Vt.'s high-speed rail project gets additional $2.7M
BRATTLEBORO -- Vermont's high speed rail project will get additional money after two other states elected not to accept their portions of federal stimulus grants.
Transportation Secretary Ray LaHood said Thursday that Vermont would receive a portion of the $1.2 billion that the newly elected Republican governors of Wisconsin and Ohio have turned down.
Vermont will get an additional $2.7 million, after receiving $50 million in October to pay for upgrades to the Vermonter line that runs from St. Albans to Vernon.
Vermont's Congressional delegation last week sent a letter to LaHood, asking that the U.S. Department of Transportation pass on some of the funding to the state after the governors of Ohio and Wisconsin said they would not accept the stimulus money.
The Vermont lawmakers were hoping that the state's Western Corridor project would receive the money, but the transportation department said no new projects would be funded with the rejected money.
"We welcome this additional investment in Vermont's growing network of high-speed rail lines. Our state is always ready, willing and able to put these funds to good use," Sens. Leahy, Sanders and Rep. Welch said in a joint statement. "At the same time, we are highly disappointed that the Western Corridor project did not receive the funding it deserves. We will continue our efforts to fight for this project, which has the strong support of state officials, the business community and the towns and cities along the Western Corridor."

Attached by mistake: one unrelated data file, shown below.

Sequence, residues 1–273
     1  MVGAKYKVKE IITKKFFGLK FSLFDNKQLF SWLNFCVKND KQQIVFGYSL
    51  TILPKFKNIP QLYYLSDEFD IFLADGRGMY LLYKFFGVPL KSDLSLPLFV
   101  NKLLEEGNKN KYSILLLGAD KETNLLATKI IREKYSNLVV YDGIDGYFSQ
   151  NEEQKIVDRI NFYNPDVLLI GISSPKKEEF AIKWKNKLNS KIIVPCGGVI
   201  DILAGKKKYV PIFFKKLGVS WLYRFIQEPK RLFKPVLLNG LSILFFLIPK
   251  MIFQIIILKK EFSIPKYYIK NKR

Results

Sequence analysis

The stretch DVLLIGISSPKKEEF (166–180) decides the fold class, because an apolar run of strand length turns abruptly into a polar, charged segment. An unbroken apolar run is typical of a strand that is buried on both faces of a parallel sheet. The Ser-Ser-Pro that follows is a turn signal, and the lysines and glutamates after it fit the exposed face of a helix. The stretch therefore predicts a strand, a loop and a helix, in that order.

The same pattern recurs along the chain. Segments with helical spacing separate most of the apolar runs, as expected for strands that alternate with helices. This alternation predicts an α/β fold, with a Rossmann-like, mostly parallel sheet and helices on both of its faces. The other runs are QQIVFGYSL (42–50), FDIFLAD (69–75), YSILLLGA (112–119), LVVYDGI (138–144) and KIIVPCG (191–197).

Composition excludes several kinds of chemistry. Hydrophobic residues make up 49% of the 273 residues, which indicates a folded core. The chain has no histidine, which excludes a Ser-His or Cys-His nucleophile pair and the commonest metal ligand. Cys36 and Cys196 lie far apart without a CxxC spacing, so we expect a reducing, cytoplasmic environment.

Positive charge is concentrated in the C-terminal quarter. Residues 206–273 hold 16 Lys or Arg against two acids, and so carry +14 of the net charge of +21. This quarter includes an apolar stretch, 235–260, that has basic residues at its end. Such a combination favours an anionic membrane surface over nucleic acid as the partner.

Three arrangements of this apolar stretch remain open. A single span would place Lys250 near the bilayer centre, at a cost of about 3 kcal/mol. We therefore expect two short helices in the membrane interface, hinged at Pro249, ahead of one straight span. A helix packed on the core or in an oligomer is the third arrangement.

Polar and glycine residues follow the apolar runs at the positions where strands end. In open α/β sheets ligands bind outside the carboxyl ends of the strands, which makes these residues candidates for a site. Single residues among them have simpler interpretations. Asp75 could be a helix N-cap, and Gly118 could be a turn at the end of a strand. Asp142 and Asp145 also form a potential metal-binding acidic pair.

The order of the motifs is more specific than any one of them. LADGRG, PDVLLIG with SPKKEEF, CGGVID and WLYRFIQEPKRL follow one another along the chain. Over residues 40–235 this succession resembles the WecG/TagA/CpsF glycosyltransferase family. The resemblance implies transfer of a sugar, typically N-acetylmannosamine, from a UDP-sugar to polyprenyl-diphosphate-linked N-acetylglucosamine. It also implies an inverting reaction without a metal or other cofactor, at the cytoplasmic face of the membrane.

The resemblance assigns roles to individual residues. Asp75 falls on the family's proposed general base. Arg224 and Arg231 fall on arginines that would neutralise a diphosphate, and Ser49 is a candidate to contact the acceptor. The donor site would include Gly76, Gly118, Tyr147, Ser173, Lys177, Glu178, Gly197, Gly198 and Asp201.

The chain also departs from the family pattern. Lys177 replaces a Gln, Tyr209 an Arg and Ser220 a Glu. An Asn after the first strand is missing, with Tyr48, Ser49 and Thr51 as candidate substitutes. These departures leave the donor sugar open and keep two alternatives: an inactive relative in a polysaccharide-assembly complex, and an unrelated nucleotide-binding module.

The high speed rail project kicked off in St. Albans last month, and Vermont Agency of Transportation Rail Director Joe Flynn said the additional money will help the state meet the financial obligations of the project.
"We originally asked for $52.7 million, and now it appears as though they are going to give us the rest of what we asked for out of the money that was rejected by the other two states," said Flynn. "This money will now fully fund the project."
The stimulus money will pay for new track that will allow trains to travel up to 59 miles per hour, and up to 79 miles per hour.
The upgrades are expected to cut about an hour off of the train ride through Vermont and Massachusetts.
Earlier this year Wisconsin was awarded $810 million for the Milwaukee-Madison corridor while Ohio's Cincinnati-Columbus-Cleveland route was in line to get $400 million.
Fourteen states shared in the redirected money Thursday, with California receiving up to $624 million and Florida getting $342.3 million.
Howard Weiss-Tisman can be reached at email@example.com or 802-254-2311, ext. 279.
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